1 Owain Ddantgwyn ruled Rhôs and Gwynedd in the last decade of the
fifth century. Arthur is said to have flourished at precisely the same
time (Historia Brittonum).
2 Owain Ddantgwyn was the youngest son of one of the kings of Gwynedd,
Enniaun Yrth, who line were known as the head dragons. Founded by
Cunedda Wledig, Gwynedd was almost certainly the
most important kingdom of the age, and as borders were extremely fluid it is
entirely plausible that the influence of Cunedda's progeny spread into Powys
as well as the Gwyneddian sub-kingdoms. (as witnessed in the name
found at Viroconium). Uther Pendragon - meaning Terrible Head
the father of Arthur. Could Enniaun Yrth have been the Yrthyr-pen-dragon?
3 Owain Ddantgwyn, it is theorised, was king of both Gwynedd and Rhôs,
succeeding to his brother Cadwallon Lawhir's overlordship (Gwynedd proper)
in circa 517 [this theory is not supported by the
History Files, as can be noted in the Gwyneddian lists - Ed]. This line of kings thus provided the most powerful rulers in
Britain at the time of the Battle of Badon. 'Arthur' led the British to
victory in this battle.
4 Owain Ddantgwyn was probably the father of Cuneglasus (Cynglas), whose
predecessor was called the Bear. Gildas refers to Cuneglasus as the
charioteer of the Bear's stronghold (Din Arth). If Cuneglasus himself were
The Bear why does Gildas use the third person? Bear, in its Latin form - Artorius - is almost certainly the origin of the
name 'Arthur'. This is quite in keeping in a land recently under the
dominion of Rome.
5 At the death of Owain Ddantgwyn, the kingdoms of Gwynedd and Rhôs were
again ruled separately by his successors - Maglocunus (Maelgwyn) in Gwynedd
and Cuneglasus in Rhôs. It is a distinct possibility that any final
internecine battle preceding these accessions would have been fought
somewhere on the borderlands between these two kingdoms. In the borderlands
of Meirionydd near Dolgellau lies the valley of
Camlan. Arthur's final battle was fought at a site called
Camlann. Surely it is more
than just mere coincidence that the only locations - three of them - in
Great Britain ever known to have been called Camlan are precisely and
strategically situated in the border area of the kingdoms of Gwynedd,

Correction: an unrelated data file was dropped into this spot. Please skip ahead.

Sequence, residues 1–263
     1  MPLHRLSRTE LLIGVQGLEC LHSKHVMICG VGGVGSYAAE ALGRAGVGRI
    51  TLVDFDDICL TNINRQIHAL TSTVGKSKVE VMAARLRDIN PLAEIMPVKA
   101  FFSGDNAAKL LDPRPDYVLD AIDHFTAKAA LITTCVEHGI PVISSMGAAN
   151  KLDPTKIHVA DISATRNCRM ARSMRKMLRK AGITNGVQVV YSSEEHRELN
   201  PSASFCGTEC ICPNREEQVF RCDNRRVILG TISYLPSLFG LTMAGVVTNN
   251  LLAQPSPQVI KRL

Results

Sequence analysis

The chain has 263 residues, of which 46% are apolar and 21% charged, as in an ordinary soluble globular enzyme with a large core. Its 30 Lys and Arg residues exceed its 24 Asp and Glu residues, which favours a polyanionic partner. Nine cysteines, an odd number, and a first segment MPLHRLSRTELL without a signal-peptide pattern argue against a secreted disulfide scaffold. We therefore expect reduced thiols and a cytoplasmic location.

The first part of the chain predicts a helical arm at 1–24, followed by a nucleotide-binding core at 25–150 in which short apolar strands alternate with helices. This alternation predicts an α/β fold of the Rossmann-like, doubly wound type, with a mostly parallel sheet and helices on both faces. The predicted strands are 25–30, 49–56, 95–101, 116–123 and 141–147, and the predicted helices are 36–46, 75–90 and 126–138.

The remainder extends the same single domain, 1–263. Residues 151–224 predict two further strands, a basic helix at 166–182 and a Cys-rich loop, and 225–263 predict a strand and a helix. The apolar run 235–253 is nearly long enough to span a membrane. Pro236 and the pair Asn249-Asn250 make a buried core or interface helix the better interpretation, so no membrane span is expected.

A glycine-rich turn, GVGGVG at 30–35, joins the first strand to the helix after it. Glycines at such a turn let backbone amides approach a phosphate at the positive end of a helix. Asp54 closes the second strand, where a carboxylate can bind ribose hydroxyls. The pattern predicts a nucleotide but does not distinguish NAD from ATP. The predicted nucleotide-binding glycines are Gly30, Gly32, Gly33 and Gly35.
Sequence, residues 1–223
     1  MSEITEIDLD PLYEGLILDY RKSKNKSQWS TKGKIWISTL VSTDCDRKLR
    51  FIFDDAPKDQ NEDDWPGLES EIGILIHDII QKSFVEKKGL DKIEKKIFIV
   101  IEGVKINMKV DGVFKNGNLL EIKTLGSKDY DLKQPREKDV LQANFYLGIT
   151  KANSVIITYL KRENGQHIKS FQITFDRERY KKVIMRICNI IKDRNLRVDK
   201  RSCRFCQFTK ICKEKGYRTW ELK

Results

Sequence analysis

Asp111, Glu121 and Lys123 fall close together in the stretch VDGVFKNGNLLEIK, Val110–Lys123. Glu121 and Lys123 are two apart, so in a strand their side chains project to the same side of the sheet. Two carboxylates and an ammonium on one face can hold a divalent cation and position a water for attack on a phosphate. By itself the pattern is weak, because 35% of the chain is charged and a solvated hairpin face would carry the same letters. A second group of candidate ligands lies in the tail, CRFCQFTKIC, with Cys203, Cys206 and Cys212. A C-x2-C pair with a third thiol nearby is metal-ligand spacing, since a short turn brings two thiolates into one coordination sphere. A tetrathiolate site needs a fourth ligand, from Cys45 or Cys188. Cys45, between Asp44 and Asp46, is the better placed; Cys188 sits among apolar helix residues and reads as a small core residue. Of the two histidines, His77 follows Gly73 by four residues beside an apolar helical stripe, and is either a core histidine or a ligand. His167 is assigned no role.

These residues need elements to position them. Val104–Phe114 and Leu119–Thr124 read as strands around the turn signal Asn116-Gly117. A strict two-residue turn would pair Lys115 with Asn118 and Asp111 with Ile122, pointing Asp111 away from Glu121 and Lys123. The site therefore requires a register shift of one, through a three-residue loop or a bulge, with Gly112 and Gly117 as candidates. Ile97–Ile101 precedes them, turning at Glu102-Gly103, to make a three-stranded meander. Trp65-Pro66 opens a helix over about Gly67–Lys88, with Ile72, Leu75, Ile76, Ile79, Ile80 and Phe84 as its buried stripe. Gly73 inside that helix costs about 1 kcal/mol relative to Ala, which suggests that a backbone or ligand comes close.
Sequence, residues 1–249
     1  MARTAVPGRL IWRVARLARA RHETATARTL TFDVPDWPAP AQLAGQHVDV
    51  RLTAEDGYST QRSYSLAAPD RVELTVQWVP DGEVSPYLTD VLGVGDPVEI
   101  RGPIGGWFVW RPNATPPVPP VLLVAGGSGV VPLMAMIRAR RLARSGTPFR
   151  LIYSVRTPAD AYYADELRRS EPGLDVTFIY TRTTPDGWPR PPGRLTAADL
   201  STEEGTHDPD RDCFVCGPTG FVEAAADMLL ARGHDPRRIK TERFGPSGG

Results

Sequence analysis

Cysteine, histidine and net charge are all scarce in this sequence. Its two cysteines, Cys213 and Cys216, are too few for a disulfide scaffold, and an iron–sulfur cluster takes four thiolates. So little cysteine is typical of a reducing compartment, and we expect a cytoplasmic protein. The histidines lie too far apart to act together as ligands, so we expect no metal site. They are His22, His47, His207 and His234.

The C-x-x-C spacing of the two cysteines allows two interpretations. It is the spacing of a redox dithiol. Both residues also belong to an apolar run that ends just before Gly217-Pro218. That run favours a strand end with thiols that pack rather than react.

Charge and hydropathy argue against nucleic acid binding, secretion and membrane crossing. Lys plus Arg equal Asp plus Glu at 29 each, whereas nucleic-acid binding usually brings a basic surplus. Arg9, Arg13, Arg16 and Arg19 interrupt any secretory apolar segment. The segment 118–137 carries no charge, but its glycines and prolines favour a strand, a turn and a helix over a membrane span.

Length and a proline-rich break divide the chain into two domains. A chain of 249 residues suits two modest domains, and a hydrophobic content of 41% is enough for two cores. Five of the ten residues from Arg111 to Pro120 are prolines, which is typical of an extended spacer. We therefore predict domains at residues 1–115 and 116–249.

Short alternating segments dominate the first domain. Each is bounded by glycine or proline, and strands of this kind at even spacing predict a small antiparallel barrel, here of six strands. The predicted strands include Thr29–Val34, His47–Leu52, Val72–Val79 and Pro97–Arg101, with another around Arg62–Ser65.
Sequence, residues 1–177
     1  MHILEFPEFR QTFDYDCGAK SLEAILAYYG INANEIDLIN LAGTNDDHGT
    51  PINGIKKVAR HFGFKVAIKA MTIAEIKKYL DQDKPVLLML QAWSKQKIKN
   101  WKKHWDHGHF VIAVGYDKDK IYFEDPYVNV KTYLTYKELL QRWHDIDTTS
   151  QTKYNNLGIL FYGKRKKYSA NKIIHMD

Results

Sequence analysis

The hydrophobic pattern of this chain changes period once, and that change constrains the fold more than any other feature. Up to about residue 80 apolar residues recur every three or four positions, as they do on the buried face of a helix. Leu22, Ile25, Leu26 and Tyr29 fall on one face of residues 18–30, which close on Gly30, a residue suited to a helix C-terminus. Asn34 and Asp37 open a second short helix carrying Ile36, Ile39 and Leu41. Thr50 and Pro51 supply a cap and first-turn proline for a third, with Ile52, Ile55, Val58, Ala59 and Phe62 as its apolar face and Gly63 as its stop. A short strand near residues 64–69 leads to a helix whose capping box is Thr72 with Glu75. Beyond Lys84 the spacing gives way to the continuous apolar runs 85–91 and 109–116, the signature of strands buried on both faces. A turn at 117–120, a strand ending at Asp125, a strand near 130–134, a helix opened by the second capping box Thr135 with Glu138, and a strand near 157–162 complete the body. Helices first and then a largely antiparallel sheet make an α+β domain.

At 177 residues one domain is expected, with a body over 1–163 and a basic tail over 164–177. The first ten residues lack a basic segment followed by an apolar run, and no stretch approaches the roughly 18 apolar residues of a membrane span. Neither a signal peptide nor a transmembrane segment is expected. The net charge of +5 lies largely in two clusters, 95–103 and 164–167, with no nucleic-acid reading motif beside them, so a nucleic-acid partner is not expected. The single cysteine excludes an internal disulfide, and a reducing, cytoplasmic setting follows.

Meirionydd and Powys, as they existed in the early sixth century?
6 Owain Ddantgwyn was succeeded (overthrown?) in the kingdom of Gwynedd by
his nephew Maelgwyn. David H R Sims presents the case both
lucidly and plausibly on the weaknesses of this proposition. He argues that
since Owain held Rhôs, his removal would have little bearing on the
succession within Gwynedd. However, as stated above the suggestion is that
the ruler of Gwynedd, Cadwallon Lawhir, died in circa 517, thus allowing the
major kingdom to revert to the suzerainty of Rhôs, and leaving Maelgwn
disinherited. Sims argues that if this were the case, there could be no
explanation for Maelgwn's failure to also annexe Rhôs following the death
of Owain. The fact that he made no such move however, actually supports the
Owain theory. One would have expected, in the light of his father's
assassination, that Cuneglasus (Cynglas) of Rhôs would have sought
reprisals against his father's killer, his cousin.
The fact that he didn't, coupled with the fact that
he was allowed to keep his kingdom, suggests a certain amount of complicity
in his father's death. Perhaps the cousins planned that Owain should die and
that the kingdom would be split between them (after all, if Owain was Arthur,
of Britain, there would have been much jealousy and a prize worth killing
for). This provides an equally plausible explanation as to why Maelgwn allowed
his cousin to keep the throne of Rhôs. Sims goes on to say "From the
dates calculated and the absence of any known ruler between Cadwallon and
Maelgwn, it must be surmised that any intervening reign was of some brevity.
It is more likely the uncle (a possible unnamed maternal uncle) seized the
throne." If control of Gwynedd passed to Rhôs on the death of Cadwallon,
then we need look no farther than Owain for an uncle whose reign over Gwynedd
was no more than two years. Pretty brief! (Sims bases his theory re: the uncle
on Gildas's use of the word 'avunculus' when referring to the deposed uncle).
According to the legend, Arthur was mortally wounded at the
Battle of Camlann while attempting to quash a revolt led by his nephew, Mordred
(Medraut). It seems likely that Mordred may well have been based on Maelgwyn.
(For more detail, see my rebuttal of August Hunt's theory below).